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As you work in the LightWave Modeler further grows, you are going to be building things such as human heads, airplanes, cars--things that are symmetrical on either side. So you can use the Symmetry tool to help you with your modeling. Let me show you how that would work. I am going to create a box. I am going to do some very simple here. We are just going to build out just kind of a long tube like this. And in this Top view I can use my up arrow and my down arrow to create and remove segments, and I can drag one to the right by just hitting my right arrow. In the Bottom view make sure you have your up arrow hit twice so that you've got three segments on the Y axis like that.
I'll turn the Box tool off. Now the biggest thing to understand when using symmetry is that whatever you have on the positive x axis, on the right side, has to be equal on the negative X axis, on the left side. Symmetry only works on the X axis. So what you need to do is center this out. So under Modify under the Translate, there is the Center button. Earlier in the course we had reprogrammed that to F10, but by default it's set to F2. If you're on a Mac and you've not changed your F keys, your function keys, you can hold down your Fn key and hit F2.
Or if you've reprogrammed it you can do that as well. But look what happens when I do that: the whole object kind of disappeared. And the reason that happened is because at the bottom of my screen I already have Symmetry on. So what happened there is that my action only happens on the positive X and you could see that right there is +X, positive X. So you got to be really careful with symmetry and only put it on when you need it. So now when I hit Center, the entire object centers, not just the right side. So now we could put Symmetry on, and what happens is that when I click on the one side, the opposite side automatically selects with it.
From there, I can say Bevel and go to Multiply, hit Bevel, and I can click and drag and start building, well, I don't know, wings for a poorly looking airplane. And I'm just using my up and down mouse just to shift, and then we'll hit right-click one time, which creates a new bevel and resets it, and then up and then moving my mouse to left and right I can shift that a little bit just to inset it. I'll click Bevel turned off, and then we'll just click on that to deselect. And when I hit my Tab key for Subdivision surface, we very easily created some little wings there.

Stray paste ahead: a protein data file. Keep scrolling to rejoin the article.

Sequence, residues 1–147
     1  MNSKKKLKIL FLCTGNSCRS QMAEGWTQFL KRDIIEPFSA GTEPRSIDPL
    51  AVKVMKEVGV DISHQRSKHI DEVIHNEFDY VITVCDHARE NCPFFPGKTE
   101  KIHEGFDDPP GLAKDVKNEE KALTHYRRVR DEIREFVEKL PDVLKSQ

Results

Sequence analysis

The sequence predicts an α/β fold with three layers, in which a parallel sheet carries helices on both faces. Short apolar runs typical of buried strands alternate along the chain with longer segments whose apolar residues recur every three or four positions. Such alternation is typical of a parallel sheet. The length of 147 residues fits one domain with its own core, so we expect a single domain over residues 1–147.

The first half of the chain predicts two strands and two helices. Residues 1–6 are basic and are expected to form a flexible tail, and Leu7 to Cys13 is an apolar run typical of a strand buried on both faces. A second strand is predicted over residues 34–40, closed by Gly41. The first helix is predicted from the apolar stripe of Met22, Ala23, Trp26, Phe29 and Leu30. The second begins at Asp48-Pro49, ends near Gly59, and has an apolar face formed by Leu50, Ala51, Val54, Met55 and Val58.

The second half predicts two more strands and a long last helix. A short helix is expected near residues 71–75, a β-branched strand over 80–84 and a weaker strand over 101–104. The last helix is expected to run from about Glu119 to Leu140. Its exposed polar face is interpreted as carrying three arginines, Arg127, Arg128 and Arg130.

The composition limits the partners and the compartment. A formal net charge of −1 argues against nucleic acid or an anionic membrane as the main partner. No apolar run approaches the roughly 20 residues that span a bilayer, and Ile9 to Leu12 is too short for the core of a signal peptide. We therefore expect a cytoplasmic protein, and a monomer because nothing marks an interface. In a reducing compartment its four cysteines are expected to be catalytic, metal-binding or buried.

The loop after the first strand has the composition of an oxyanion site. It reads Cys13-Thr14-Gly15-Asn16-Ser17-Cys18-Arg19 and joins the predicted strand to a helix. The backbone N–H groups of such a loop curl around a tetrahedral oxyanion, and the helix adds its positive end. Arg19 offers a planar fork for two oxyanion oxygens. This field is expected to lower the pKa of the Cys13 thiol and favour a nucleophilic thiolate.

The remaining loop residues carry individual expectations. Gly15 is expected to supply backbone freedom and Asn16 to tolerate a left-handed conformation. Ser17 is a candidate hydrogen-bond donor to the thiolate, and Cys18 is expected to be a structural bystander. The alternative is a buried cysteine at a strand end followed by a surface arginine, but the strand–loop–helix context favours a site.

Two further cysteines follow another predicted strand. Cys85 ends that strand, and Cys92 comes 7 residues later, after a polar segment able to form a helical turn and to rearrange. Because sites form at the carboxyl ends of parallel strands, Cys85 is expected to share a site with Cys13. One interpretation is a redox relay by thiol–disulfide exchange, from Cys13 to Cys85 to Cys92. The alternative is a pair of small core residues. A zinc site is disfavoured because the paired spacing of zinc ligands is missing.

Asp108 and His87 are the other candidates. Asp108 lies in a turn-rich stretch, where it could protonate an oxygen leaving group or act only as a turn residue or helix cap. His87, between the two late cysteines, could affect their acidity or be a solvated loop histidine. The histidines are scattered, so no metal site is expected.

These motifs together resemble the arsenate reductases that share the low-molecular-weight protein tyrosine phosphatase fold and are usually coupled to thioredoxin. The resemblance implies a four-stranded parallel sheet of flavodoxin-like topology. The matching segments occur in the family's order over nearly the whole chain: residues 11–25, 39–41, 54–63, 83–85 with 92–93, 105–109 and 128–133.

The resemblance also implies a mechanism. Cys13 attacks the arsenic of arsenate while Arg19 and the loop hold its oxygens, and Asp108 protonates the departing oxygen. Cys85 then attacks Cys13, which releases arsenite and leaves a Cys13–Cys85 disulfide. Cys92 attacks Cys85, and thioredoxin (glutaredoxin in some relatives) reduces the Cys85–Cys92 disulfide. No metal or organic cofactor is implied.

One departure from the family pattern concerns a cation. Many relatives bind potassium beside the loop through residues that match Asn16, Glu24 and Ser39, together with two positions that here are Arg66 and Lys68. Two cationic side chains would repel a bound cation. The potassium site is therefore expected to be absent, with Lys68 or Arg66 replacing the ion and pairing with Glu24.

But what's great about the Symmetry tool is that I can use something like Drag from the Modify tab, and whatever I do, again, on the positive X, on this right side of the Y axis will automatically be mirrored on the left side. So now I can very easily shape out my little airplane here. I can come to my right view and just shape this out as well, flatten out the bottom. If you have created this with less segments, you might have a little less to work with and it might work little better for you. Just a good example here.
So now you can see that I've shaped out that box pretty easily only moving just the points I need without too much effort. And let's say you wanted to create a back wing. I'll turn off the Drag tool. Make sure I am in Polygon mode and Symmetry mode is still on. And then what I could do is just come down here and even select those back polygons like that, hold the Ctrl key to deselect anything I don't want, press the Bevel again, and then click and extend that out. But because those are angled, because I've already used my Drag tool on them, I need to change them a little bit.
So make sure your mode, your Action Center of your mouse is set to Selection at the bottom of the screen there, and then press the Y command, which is your Rotate tool over here on the left. That allows me rotate from wherever my mouse position is. So I can just rotate that based on the mouse position right there, and I can select Move and I can move that out just a bit. Then I could choose Stretch and I can shrink that down a bit. Then choose Rotate again and rotate right from here, and then I can choose from Multiply > Bevel, and we can Bevel that out and then Stretch.